Greg and his friends break into an old warehouse, where they find an unusual camera. However, the photographs Greg takes with it seem to predict disaster, and he becomes convinced the camera is cursed.
Greg is having fun taking pictures with the cool instant camera he found in the Coffman's spooky, old house... until he realizes that the pictures are not what he shot. Instead, they portray horrible disasters involving whoever or whatever is in them. The scariest part is that the disasters start to come true! Can this camera predict the future? Or does it actually cause bad things to happen? The only one who knows the truth is Spidey, the strange, dark man who seems to be stalking Greg. Can Greg return the camera to its rightful owner before the next awful prediction comes true? Or will his fate be frozen on film forever? Written by
"Spidey", The mysterious Man who had the camera played by Richard McMillan, Also played a man who owned a cursed camera in the Are You Afraid of the Dark? "The Tale of the Curious Camera". two other actors who appeared in this Goosebumps: Dan Petronijevic and Christian Tessier both have appeared Are You Afraid of the Dark" as well, with Tessier appearing in two. See more »
When Joey and Mickey are walking down the street and Greg and Bird see them, Bird says Mickey's last name is "Knotts". However, in the credits, Mickey's last name is "Ward", the same as in the original novel. See more »
Green blood drips down the screen in ending credits of every episode. See more »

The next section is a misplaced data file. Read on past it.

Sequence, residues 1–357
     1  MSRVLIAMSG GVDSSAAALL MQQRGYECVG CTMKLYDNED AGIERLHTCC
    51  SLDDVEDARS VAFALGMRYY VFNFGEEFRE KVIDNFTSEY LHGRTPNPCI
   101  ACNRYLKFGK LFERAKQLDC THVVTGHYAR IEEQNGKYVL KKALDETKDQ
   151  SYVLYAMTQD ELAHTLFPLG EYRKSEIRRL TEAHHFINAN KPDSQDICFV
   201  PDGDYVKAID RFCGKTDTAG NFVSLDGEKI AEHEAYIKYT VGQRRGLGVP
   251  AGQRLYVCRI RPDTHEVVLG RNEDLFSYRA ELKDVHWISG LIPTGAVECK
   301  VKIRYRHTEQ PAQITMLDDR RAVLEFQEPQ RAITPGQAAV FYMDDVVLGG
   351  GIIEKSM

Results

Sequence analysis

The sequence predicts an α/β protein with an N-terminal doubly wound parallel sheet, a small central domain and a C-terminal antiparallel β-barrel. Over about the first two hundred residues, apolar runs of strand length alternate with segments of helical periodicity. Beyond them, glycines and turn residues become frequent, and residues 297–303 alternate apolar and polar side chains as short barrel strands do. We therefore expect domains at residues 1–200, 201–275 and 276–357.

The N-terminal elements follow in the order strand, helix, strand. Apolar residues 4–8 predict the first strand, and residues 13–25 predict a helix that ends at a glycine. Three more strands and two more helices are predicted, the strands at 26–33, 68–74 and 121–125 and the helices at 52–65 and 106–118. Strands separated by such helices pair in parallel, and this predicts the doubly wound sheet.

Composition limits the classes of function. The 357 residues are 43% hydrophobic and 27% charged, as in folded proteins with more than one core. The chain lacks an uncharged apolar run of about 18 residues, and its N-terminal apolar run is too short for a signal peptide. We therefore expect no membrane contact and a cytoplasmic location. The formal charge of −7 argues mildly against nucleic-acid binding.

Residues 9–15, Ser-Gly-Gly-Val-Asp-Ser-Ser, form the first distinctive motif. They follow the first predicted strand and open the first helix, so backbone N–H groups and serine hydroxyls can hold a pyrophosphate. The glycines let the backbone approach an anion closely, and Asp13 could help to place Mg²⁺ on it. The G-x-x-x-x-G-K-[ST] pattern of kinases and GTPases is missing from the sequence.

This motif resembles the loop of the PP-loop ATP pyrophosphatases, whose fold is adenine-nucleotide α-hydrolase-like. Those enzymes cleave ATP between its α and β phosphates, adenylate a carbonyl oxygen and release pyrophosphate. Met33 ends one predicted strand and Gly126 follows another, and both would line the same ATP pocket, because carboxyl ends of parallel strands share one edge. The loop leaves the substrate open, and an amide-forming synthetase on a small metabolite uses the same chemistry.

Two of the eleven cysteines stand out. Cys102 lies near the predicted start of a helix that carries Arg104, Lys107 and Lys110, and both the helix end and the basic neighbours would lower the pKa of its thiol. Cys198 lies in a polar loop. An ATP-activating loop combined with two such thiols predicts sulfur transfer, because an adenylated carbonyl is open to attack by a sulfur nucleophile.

This particular episode of Goosebumps is a bit of a treat for two reasons. First, the main premise is a very good one, even if it's something that we've all seen a variation of many times in the past. Second, it has Ryan Gosling when he was a teeny tiny totie teen.
A few kids sneak into a building and pick up a device that looks like a camera. It also acts like a camera, with one big difference. The photos seem to show the future of those being photographed. And the future is usually not that good. Greg Banks (Gosling) has to convince people of just how dangerous the device is before too many people pose for a photo that may lead to their demise.
Directed by Ron Oliver, and adapted to the screen by Bruce Edwards, this is an episode full of easy pleasures. The young cast all do well - Gosling may not give signs of what a great actor he would become in his adulthood, but he's fine - and the "scare moments" in which the pictures are developed to show something unexpected are nicely spread throughout the 20+ minutes.
Brisk, fun and with one or two creepy scenes, this is definitely one of the better Goosebumps episodes, and perfect horror-lite fare for kids.
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